Justin Rutledge And The Junction Forty No Never Alone

It takes a lot of nerve to begin an album of classic country-inspired songs with one whose principle refrain is "I’m too sober to sleep, I’m too drunk to cry”. Fortunately, No Never Alone pulls it off with its near-perfect marriage of traditional country arrangements and Rutledge’s stories of love and heartache. After recording this material on a shoestring budget some time ago, the first place to notice was the UK, where it was released on Mojave 3’s indie label Shady Lane. Thankfully, Canada is now able to enjoy these 12 beautifully crafted songs that drip with raw emotion and respect for the canon of country music that inspired it. When any young artist is drawn to this genre, the risk is always that the result will come across as a tongue-in-cheek tribute to the classics, pedal-steel and all. Luckily, this album is nothing of the sort. These are real stories of Canadian life, played by people with an honest love for the genre, including special guests like Mary Margaret O’Hara. The slow, rich sound of the album is incredibly accomplished for a debut, and it’s hard to ignore the fact that Rutledge is already proving himself to be a truly talented writer.

Your songs have an incredibly natural sound. I just wanted to record an honest album. I didn’t want any pretence in there whatsoever — that was my sole intention. The songs pretty much wrote themselves — I didn’t pay any attention to time, length, or catchy qualities. Our laissez-faire attitude of "let’s just do this for the sake of doing it, and see where it goes” adds to a lot of the lazy vibe of the record.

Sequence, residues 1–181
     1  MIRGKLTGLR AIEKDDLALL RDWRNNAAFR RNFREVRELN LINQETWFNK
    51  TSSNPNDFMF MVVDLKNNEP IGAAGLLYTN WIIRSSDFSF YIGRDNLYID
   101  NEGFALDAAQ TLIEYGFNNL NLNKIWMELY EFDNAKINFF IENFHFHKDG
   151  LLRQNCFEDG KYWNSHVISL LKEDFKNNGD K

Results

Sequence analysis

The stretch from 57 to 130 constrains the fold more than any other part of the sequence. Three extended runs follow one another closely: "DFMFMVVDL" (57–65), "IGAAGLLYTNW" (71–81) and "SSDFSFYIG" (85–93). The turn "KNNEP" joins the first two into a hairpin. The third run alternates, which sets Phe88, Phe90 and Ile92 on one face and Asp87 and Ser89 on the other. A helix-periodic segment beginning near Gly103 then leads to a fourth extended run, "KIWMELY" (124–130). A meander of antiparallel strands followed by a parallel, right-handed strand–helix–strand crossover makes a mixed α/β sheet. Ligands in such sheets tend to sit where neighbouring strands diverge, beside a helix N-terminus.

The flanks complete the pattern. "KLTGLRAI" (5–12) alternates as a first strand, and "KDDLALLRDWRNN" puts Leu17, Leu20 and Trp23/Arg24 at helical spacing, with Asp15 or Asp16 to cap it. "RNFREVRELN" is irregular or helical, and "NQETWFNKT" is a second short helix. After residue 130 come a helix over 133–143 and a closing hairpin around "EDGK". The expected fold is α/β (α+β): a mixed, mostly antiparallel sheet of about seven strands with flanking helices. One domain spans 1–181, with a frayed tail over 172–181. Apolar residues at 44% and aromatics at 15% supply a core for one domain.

Where did you draw your inspiration when recording this album? We basically wanted to make a standard country record. As a template we had a lot of old traditional arrangements — anything you’d hear on a George Jones record or a Gram Parsons record. That’s the charm with country music — it doesn’t rely upon any gimmick — it’s all about heart. It’s all there in the old arrangements.

What kind of impression do you want to leave with the listener? I hope they understand that country music is anything but kitschy. With this record, I hope that it retains some kind of timelessness. I wanted to make a record that you could put on 20 years ago, or 20 years from now and it would still resonate. (Six Shooter)